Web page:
For hundreds of years, Euro-American farmers planted corn using Native American techniques. Corn was planted by one person digging a hole with a hoe — or a dibble — followed by another farmer who dropped two, three, or four seeds into the hole before covering them with soil. About 1 acre of corn could be planted per day with this method. In 1856, a patent was granted for a hoe equipped with a seed canister on its shank. One man dug the hole, pulled a string that released the seed and then covered the hole with soil in a couple of motions. Another 1856 patent was for a foot-operated, dibble-type planter. Seed corn was carried in a backpack connected to the dibble by a tube. The dibble was strapped to the side of the operator's foot and, when the foot was stamped sharply on the ground, the point gouged a hole and the seeds were released. A quick kick or shuffle of the foot covered the seed, and the sower stepped forward to the next hill.

Bill picks and corn jobbers

Many styles of mechanical hand planters were introduced during the late 1800s and early 1900s and became very popular. Some of these devices enabled farmers to plant about 2 acres per day instead of the single acre possible with other hand-planting methods. Those early planting tools can still be found at flea markets and antique stores, but often fetch high prices.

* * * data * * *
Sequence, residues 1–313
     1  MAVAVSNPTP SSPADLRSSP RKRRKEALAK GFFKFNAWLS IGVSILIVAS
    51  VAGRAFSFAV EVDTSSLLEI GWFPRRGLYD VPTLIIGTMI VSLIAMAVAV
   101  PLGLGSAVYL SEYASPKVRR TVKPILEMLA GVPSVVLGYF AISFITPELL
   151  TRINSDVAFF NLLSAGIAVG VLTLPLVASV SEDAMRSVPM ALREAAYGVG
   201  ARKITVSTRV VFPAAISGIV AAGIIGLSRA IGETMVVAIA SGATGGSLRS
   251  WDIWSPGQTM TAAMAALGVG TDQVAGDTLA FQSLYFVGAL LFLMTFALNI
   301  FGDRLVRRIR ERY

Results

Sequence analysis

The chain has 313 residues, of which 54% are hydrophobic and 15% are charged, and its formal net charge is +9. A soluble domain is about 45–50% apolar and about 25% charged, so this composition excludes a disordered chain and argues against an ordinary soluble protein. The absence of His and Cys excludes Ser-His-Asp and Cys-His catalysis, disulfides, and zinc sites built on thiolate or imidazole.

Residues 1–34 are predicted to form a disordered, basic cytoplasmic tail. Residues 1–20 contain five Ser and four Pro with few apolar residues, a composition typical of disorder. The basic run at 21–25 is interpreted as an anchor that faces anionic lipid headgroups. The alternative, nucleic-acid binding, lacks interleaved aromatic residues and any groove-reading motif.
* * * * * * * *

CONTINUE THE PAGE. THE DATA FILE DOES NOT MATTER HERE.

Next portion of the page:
Farmers called these planters 'bill picks' — probably because the point that penetrated the soil opened like a bird's bill to release the seeds — as well as 'corn jabbers,' or 'corn jobbers.' One of these devices, patented in 1876, used an upright leg that supported the seed canister and a handle. A tube from the seed can connected to the two-piece point, which was hinged to a brace that extended to the front of the planter. The operator jammed the point into the ground and pushed forward on the handle. This forward-rocking motion caused the 'bill' to open and the seed to drop. The operator then lifted the tool from the ground, threw it forward to the next hill and scratched dirt over the seed with his foot as he stepped forward.

The corn planter commonly seen in antique stores today has two upright, flat boards, hinged together at the bottom by metal nose-pieces. A seed can was attached to one board, and handles were set on the top of both. To use, the handles were held apart, the nose stuck into the ground, and the handles were pushed together to open the bill and released the seed. Other variations existed, but all designs operated on the same principle.